By Jamie Ross
PHOENIX (CN) – A former professor sued the University of Arizona, claiming it improperly disclosed a confidential, defamatory investigation of sexual harassment allegations, which was published by a California congresswoman.
Timothy Slater, endowed chair of science education for the University of Wyoming, sued the Arizona Board of Regents in Maricopa County Court on Nov. 9. The board governs Arizona’s three public universities.
Slater started working for the University of Arizona in 2001, hired to create a degree program for high school science teachers. He gained tenure in 2004.
That year the University of Arizona’s Equal Opportunity and Affirmative Action Office began investigating sexual harassment and retaliation claims against him. The results were compiled in a confidential report in 2005, which included interviews with at least 10 witnesses who claimed to have experienced “sexually charged conduct” in the school’s College of Astronomy.
The University of Arizona has a renowned astronomy department.
Slater says he has written two widely used astronomy textbooks, and published more than 100 peer-reviewed articles. “He is also widely recognized for helping more women earn Ph.D.'s in astronomy and astronomy education — a largely male dominated field — than any other professor in his age group,” he says in the complaint.
He says he was interviewed for the investigation, and was told it would remain confidential. He says the report is full of inaccurate statements, including that he gave a graduate student a vibrator or chocolate handcuffs.
“Dr. Slater’s then wife (now ex-wife) gave a vibrator to her longtime close friend and roommate who was a graduate student, who in turn gave back chocolate handcuffs,” according to the complaint. “Dr. Slater was not involved in that exchange, and such an exchange of gifts between female close friends was in no way any form of sexual harassment.”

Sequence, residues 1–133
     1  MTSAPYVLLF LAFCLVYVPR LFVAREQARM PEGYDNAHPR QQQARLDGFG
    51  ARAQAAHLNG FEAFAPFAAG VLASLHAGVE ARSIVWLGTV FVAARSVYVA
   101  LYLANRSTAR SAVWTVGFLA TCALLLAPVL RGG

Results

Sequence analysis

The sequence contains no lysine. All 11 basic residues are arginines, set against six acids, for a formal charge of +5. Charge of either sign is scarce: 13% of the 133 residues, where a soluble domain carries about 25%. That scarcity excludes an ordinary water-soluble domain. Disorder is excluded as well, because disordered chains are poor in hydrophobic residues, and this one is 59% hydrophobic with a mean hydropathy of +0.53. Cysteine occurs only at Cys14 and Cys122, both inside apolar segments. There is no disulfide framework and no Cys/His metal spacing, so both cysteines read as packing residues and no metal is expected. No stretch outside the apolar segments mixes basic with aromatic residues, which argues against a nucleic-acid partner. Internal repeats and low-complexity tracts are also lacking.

He says the report also falsely states that he made a joke about installing cameras in his home to watch people having sex. No cameras were ever installed, Slater says.
The allegation in the report that he told one witness “that he has considered inviting her to swim over the weekend, but knew she would bring her bathing suit, so decided against it” is false, he says. As are the claims that he told her “she would teach better if she did not wear underwear,” tried to grab her underwear and said, “You’d look a whole lot better without these on,” and invited her to a strip club.
Slater also denies allegations in the report that he acknowledged to the same witness that he sexually harassed women, and that he threatened her employment.
Slater left the University of Arizona for the University of Wyoming in 2008.
Two years later, the University of Arizona received a public records request for documents on investigations of Slater.
Slater says the school disclosed a copy of the confidential report in response, then realized it sent the report in violation of Arizona public records laws and the Arizona Administrative Code.
In an email to Courthouse News, Slater’s attorney Kraig Marton said the university should be held liable for its wrongdoing.
“The university broke the law and its own rules by releasing a report that was inaccurate and which was supposed to be confidential,” Marton wrote.